As best illustrated in FIGS. 3-5, the mandrel 60 is preferably of a shape substantially corresponding to the final desired shape of the airbag cushion being formed. While any shape susceptible to rotation and yarn coverage may be utilized, it is contemplated that circular and ellipsoidal spheroids may be particularly preferred for driver's side airbag cushions.
 The mandrel 60 itself is necessarily of such a nature that it can be removed from the final airbag structure after formation is complete. Materials which may be particularly well suited to this purpose include sculpted foam rubber, collapsible segmented metal structures, and durable textile structures formed from material such as KEVLAR® or the like which may be held in an inflated state under modest gas pressures through connection to an air line during the processing sequence. As shown, the mandrel 60 is preferably connected to a hub 64 disposed along its axis of rotation. In the illustrated and potentially preferred practice, the placement and diameter of the hub 64 defines the size and location of the inlet port in the final airbag cushion.
 As will be appreciated by those in skill of the art, the region surrounding the inlet port serves as the location of connection between the inflatable cushion 14 and the inflator 12 (FIG. 1A) and must, therefore, withstand significant stress during a deployment event. These stresses can be overcome by providing enhanced thickness of the cushion in this localized region.
 It has been found that by orienting the mandrel 60 relative to the winding apparatus 46 such that the yarn placement plane 66 (as defined by the outlet of the yarn delivery arms) runs immediately adjacent to the hub 64, that it is possible to obtain the desired increased thickness in the region surrounding the mouth at a distance therefrom with gradually decreasing yarn concentration as the distance from the mouth is increased. This preferential yarn concentration is illustrated in FIG. 6A wherein the gas inlet 70 disposed within the rear portion of the cushion 14 is surrounded by a relatively thick collar of material which decreases in concentration as the distance from the center is increased. That is, the number of yarns per unit area decreases as the perimeter of the cushion is approached.
 Aside from the desire to enhance the strength of the cushion in the area surrounding the inlet port 70, it is a further attribute of the cushion according to the present invention to avoid a preferential accumulation of yarns at the face of the inflatable cushion since such a build up gives rise to the formation of a generally undesirable hard nodule on the surface which is to be impacted by the vehicle occupant 20 during a collision event. It has been found that when the yarn 36 is wrapped around the rotating mandrel 60 while maintaining a fixed angle Φ between the yarn placement plane 66 (FIG. 3) and the equatorial plane 72 of the mandrel, that each winding tends to cross over the prior windings within a relatively small localized location on the face of the inflatable cushion 14 which thereby causes the undesirable build-up of a thick nodule of yarn, 7, in this location on the face. Such a build-up of yarn is, of course, exactly what is desired in the region surrounding the inlet port 70 on the rear portion of the cushion 14 designated as Ro in FIG. 7.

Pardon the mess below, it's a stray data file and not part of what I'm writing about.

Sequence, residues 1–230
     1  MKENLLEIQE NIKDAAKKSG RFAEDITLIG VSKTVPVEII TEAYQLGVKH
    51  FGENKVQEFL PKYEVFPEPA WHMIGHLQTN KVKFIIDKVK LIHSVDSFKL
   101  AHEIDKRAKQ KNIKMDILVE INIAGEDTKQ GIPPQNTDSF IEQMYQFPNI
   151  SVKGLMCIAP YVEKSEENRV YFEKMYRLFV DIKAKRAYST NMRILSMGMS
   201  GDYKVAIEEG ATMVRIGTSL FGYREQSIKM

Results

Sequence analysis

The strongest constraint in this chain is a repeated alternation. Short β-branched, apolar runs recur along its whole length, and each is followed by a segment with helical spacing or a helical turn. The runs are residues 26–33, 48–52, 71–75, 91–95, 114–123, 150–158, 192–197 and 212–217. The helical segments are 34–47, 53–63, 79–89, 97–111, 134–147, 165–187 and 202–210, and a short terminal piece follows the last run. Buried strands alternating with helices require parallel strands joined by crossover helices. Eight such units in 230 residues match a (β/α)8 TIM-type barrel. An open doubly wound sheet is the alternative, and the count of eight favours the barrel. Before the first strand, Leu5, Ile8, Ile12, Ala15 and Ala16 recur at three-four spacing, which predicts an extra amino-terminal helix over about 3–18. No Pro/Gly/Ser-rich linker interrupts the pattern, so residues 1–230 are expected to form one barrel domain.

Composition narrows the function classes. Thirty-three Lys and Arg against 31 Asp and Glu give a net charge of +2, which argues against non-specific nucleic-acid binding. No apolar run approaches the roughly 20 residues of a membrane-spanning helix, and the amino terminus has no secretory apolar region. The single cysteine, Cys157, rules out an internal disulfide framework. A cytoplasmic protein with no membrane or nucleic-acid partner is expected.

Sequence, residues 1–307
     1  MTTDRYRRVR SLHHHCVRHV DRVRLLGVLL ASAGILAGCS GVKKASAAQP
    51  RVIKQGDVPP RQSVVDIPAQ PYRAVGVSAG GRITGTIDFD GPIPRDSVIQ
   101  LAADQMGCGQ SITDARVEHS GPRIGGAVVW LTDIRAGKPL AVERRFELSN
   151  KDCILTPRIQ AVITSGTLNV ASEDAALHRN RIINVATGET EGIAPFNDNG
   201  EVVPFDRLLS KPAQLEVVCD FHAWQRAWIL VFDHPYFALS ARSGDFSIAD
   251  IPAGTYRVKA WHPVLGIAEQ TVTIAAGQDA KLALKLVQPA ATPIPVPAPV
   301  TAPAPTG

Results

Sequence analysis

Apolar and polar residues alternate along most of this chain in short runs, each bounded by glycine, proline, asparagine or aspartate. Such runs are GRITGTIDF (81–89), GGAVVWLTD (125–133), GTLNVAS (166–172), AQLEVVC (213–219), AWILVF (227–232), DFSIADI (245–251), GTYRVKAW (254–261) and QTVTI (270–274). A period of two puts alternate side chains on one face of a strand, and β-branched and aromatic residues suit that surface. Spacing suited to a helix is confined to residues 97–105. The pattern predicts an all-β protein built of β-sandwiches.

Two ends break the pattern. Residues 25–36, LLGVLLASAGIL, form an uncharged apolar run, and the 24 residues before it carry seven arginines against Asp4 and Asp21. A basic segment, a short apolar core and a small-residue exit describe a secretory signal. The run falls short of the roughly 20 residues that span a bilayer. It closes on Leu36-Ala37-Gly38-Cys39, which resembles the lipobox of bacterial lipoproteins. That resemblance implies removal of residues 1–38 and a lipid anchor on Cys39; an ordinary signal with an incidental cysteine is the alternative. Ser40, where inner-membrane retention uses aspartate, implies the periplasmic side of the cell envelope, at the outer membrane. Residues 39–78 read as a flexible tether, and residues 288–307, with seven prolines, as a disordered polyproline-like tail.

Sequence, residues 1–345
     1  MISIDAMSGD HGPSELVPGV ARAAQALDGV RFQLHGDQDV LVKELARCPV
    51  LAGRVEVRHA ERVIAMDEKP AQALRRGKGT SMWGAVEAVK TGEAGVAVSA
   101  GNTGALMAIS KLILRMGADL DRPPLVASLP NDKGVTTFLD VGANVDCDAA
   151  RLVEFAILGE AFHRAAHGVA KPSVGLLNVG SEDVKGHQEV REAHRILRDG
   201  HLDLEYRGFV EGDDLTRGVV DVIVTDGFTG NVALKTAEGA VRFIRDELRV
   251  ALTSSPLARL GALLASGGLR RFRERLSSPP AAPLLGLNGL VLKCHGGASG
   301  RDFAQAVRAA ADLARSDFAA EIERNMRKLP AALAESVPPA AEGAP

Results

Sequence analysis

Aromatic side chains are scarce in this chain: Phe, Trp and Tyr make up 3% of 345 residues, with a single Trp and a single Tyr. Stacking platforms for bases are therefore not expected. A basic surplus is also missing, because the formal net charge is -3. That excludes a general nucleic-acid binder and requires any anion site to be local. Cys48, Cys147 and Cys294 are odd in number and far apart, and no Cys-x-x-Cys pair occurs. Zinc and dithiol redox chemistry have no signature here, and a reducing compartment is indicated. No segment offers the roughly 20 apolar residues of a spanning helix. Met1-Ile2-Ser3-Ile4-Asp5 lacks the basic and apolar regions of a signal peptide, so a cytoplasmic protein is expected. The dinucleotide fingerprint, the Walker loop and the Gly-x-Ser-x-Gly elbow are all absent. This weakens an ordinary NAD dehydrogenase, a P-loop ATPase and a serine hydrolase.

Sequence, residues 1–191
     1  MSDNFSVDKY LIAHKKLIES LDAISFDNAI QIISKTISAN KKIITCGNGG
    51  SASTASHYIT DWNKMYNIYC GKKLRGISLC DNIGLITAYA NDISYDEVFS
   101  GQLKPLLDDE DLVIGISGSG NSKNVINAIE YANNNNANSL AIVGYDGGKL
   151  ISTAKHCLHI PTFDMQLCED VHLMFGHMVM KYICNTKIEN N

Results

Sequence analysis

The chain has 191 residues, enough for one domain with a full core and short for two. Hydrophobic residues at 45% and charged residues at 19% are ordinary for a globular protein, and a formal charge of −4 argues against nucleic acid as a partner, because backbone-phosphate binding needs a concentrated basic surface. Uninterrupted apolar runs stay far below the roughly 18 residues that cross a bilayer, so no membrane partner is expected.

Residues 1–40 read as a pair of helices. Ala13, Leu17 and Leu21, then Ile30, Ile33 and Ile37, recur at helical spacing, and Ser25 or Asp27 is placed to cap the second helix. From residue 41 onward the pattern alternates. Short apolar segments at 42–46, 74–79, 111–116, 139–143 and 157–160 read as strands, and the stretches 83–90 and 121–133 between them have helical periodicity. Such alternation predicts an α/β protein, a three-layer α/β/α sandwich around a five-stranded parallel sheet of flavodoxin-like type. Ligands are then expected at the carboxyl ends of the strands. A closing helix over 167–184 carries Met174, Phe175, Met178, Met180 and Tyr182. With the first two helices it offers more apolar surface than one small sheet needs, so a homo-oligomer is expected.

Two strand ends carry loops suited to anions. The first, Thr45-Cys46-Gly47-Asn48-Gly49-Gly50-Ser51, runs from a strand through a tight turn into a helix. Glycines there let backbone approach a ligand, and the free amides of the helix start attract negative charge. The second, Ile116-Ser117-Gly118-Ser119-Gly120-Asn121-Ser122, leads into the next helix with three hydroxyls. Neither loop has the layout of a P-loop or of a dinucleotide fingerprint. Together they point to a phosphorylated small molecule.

It has been found that these seemingly conflicting goals of concentrating the yarn around the inlet port on the rear of the cushion while at the same time spreading the yarn substantially evenly across the face may be achieved by systematically shifting or shogging the angle of the yarn placement plane 66 with respect to the equatorial plane 72 of the rotating mandrel 60 about a pivot point selected such that the yarn placement plane 66 continues to fall substantially adjacent to the hub 64 on the rear portion of the rotating mandrel 60. This systematic shifting of the yarn placement angle is best illustrated through reference to FIGS. 3-5, 6A and 7 wherein in FIG. 3 the yarn placement plane 66 is at a first angle Φ with respect to the equatorial plane 72 of the mandrel. In FIGS. 4 and 5 this angle is gradually increased until the two planes are nearly perpendicular.
 In the illustrated and potentially preferred practice of the present invention, shifting or shogging of the yarn placement plane is effected by pivoting the winding apparatus 46 about a pivot 80 (FIG. 2) through use of an extensible and retractable power cylinder 82 acting on the support for the winding apparatus. In the illustrated and potentially preferred practice, the pivot 80 is placed such that its center is aligned just outside the outer perimeter of the hub 64 which serves to define the inlet port 70. As a power cylinder 82 is retracted from its fully extended position in FIG. 3 through an intermediate position in FIG. 4 to a fully retracted position in FIG. 5, the yarn placement on the front of the mandrel 60 is substantially changed. However, due to the selection of the pivot point location, the yarn placement on the rear of the mandrel is not significantly altered. Thus, the seemingly contradictory need to concentrate yarn around the inlet port while simultaneously spreading yarn across the face can be met. Moreover, since the power cylinder 82 may be cycled by the computer or other control means independently from the rotation of the mandrel and the winding apparatus, the pivoting action provides the operator with yet another degree of freedom with which to control the manufacturing process. It should be noted the maximum density build-up Ts occurs at a radius greater than the minimum radius of the hub Ro. See FIG. 7 wherein it is shown that the yarn density Rs is located at a minimum radial distance from the hub opening of about 5% greater than the hub radius.
 While it is contemplated that a wide variety of combinations of operating parameters may be utilized to produce inflatable restraint cushions according to the present invention, by way of example only, and not limitation, it is believed that in the preferred practice the mandrel 60 should be rotated at a rate of about 0.05 to about 30.0 revolutions per minute, the winding apparatus should be operated at a rate of about 50 to about 600 revolutions per minute, the angle between the yarn placement plane 66 and the equatorial plane 72 should be cycled between about 46° and about 90° with about 1 to about 20 full cycles of extension and retraction of the power cylinder 82 per minute.